Pedophile fearing jail sparked evacuation after attempting suicide with ‘oven bomb’
A pedophile sparked a large-scale evacuation in Essex when he attempted to kill himself by “cooking” a bomb in his oven to avoid jail, it has emerged.
The explosives were found after Ian Shingler called police, prompting 300 residents to be evacuated for eight hours in July last year, the Telegraph reports.
The 41-year-old aimed to blow himself up because he was terrified of going to prison after police found thousands of child sex abuse images on his computer, Basildon Crown Court heard.
When police raided his flat, they found the over door had been destroyed and the remains of a powerful homemade explosive device on a baking tray.
They also discovered a kilogram of a deadly white powder called TATP – also known as acetone peroxide, which was used in the 7/7 London bombings – in Shingler’s bedroom.
Tests revealed it was 82 percent pure and had been ordered over the internet.
Police also found an improvised explosive device, which Shingler had made by using a nine-volt battery, as well as a notepad of instructions on making homemade bombs and a suicide note, the court heard.
Shingler had previously been arrested in 2015 after police raided his flat, where they found thousands of indecent images of children. More than 4,150 pictures were found, 698 of which were ‘Category A’, the most graphic type, along with 66 films. Officers also recovered a Yahoo search for “pre-teen dominatrix.”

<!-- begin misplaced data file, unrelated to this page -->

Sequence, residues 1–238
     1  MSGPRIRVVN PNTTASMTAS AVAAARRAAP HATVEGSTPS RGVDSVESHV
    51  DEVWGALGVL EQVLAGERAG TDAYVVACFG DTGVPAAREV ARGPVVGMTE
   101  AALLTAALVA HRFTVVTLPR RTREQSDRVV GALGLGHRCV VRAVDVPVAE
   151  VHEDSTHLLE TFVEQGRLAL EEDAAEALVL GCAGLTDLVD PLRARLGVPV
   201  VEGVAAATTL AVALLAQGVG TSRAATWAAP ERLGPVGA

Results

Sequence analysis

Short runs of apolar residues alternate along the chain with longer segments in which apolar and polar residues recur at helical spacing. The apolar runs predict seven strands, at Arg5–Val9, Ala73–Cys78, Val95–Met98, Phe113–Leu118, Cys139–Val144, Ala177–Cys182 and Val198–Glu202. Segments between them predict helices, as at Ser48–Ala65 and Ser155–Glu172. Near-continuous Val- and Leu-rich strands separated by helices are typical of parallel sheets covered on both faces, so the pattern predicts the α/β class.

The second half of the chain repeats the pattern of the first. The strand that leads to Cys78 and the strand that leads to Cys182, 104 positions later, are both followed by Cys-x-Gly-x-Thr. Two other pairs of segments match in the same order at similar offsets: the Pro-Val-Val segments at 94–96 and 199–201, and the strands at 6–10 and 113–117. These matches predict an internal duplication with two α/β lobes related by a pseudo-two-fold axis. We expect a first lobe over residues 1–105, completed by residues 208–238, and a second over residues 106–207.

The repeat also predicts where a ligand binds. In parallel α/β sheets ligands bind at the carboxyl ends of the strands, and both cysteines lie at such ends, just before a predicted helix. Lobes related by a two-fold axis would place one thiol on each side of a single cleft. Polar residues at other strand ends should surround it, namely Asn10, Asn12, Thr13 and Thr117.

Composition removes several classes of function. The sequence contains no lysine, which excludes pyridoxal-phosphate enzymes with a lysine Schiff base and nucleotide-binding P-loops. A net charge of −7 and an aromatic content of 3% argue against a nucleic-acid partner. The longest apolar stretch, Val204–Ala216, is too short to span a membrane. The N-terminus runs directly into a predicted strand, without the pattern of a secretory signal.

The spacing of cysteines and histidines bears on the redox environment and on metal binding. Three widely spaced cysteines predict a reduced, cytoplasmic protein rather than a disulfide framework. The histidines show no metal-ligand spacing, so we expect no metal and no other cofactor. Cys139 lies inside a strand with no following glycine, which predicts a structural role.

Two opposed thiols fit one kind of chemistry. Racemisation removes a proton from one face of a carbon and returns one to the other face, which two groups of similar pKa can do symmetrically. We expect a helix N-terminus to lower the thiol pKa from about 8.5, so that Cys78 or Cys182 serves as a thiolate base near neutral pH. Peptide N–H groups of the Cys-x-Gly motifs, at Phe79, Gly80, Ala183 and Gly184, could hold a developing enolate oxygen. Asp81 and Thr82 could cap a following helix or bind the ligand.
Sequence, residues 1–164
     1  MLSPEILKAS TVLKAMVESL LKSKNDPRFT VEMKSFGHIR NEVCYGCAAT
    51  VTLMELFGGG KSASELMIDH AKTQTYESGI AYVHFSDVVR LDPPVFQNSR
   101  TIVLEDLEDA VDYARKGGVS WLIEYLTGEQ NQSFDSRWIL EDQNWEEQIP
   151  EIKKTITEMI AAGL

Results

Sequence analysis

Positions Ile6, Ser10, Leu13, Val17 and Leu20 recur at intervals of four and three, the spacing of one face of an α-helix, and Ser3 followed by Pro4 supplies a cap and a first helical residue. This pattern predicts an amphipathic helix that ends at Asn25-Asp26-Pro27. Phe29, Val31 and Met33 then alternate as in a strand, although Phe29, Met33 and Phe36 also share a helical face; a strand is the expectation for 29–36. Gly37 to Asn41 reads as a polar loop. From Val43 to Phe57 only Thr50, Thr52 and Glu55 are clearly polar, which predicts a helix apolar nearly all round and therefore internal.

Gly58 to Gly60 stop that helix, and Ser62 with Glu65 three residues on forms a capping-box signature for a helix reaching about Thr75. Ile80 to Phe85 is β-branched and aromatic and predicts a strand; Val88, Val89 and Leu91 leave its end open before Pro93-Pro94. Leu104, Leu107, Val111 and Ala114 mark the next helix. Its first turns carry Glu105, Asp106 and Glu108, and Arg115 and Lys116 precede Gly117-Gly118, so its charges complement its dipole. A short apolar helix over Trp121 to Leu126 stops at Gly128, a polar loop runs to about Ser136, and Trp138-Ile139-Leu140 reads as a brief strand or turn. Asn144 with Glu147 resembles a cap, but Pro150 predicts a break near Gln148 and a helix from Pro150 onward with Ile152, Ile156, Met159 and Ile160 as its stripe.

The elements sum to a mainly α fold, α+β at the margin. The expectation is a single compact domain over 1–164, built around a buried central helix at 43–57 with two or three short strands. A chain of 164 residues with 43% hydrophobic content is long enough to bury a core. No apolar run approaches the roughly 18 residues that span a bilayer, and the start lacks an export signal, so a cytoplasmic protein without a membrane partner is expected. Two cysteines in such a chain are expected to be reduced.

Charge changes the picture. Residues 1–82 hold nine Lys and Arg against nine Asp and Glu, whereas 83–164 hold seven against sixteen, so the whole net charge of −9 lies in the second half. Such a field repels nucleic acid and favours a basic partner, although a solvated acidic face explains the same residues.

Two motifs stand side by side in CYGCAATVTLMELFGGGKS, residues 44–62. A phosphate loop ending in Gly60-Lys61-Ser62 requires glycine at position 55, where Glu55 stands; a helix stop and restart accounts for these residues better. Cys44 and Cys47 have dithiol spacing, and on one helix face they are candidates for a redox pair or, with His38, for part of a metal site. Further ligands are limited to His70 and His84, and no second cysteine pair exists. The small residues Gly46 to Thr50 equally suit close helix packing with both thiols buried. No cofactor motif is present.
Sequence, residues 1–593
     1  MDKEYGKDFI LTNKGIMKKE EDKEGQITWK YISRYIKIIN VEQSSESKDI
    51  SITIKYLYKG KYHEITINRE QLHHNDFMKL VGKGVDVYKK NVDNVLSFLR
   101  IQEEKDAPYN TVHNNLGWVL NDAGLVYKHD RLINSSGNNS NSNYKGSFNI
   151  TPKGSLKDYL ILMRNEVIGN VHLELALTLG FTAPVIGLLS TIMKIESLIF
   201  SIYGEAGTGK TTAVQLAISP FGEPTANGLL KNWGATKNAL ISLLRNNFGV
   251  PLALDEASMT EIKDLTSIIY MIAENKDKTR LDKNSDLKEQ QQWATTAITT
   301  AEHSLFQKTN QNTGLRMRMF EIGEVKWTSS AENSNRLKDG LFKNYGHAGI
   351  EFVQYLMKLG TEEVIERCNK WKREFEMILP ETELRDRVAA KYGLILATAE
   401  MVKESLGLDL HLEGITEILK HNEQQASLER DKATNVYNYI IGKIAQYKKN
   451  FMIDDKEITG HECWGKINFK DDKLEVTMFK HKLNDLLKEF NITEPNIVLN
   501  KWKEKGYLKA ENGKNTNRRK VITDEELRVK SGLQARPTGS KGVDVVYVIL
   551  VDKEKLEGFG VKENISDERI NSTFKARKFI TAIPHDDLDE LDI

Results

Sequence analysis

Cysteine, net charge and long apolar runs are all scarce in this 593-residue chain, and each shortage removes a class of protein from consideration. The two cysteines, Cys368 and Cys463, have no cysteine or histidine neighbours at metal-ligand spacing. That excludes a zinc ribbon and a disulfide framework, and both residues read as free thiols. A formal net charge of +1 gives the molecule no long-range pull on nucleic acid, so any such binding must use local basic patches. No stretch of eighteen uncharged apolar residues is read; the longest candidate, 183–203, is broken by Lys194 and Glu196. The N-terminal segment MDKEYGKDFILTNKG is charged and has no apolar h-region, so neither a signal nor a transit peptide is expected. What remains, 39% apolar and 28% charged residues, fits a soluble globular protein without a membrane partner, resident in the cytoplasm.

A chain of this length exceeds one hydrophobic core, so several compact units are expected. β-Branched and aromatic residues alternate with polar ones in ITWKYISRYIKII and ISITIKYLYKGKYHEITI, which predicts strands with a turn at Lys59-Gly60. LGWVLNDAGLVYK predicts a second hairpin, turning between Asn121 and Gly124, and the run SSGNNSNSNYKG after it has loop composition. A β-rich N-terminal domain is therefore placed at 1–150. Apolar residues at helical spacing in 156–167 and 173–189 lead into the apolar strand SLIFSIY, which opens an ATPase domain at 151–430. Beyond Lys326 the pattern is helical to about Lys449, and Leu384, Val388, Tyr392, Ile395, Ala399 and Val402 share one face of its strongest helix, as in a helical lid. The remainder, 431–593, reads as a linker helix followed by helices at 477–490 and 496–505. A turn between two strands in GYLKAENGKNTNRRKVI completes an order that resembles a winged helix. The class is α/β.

Shingler was jailed for nine years after admitting possession of ammunition and a firearm without a certificate, having an explosive substance under suspicious circumstances, and possessing indecent images of children.
His lawyer, Michael Morris, said he was of “good character” and that his only friend had been the internet.
Morris said Shingler alerted police after realising he was putting the whole estate in danger with the bomb.
“He immediately called the police because his intention was to take his own life and he did not want to cause damage or injure his neighbours. He didn’t really have a clue about what he was doing.”
But judge Jonathan Black stressed that the “seriousness” of Shingler’s activities outweighed his state of mind at the time.
“It seems to me that it is the seriousness of the offense that must take precedence in this case,” he said.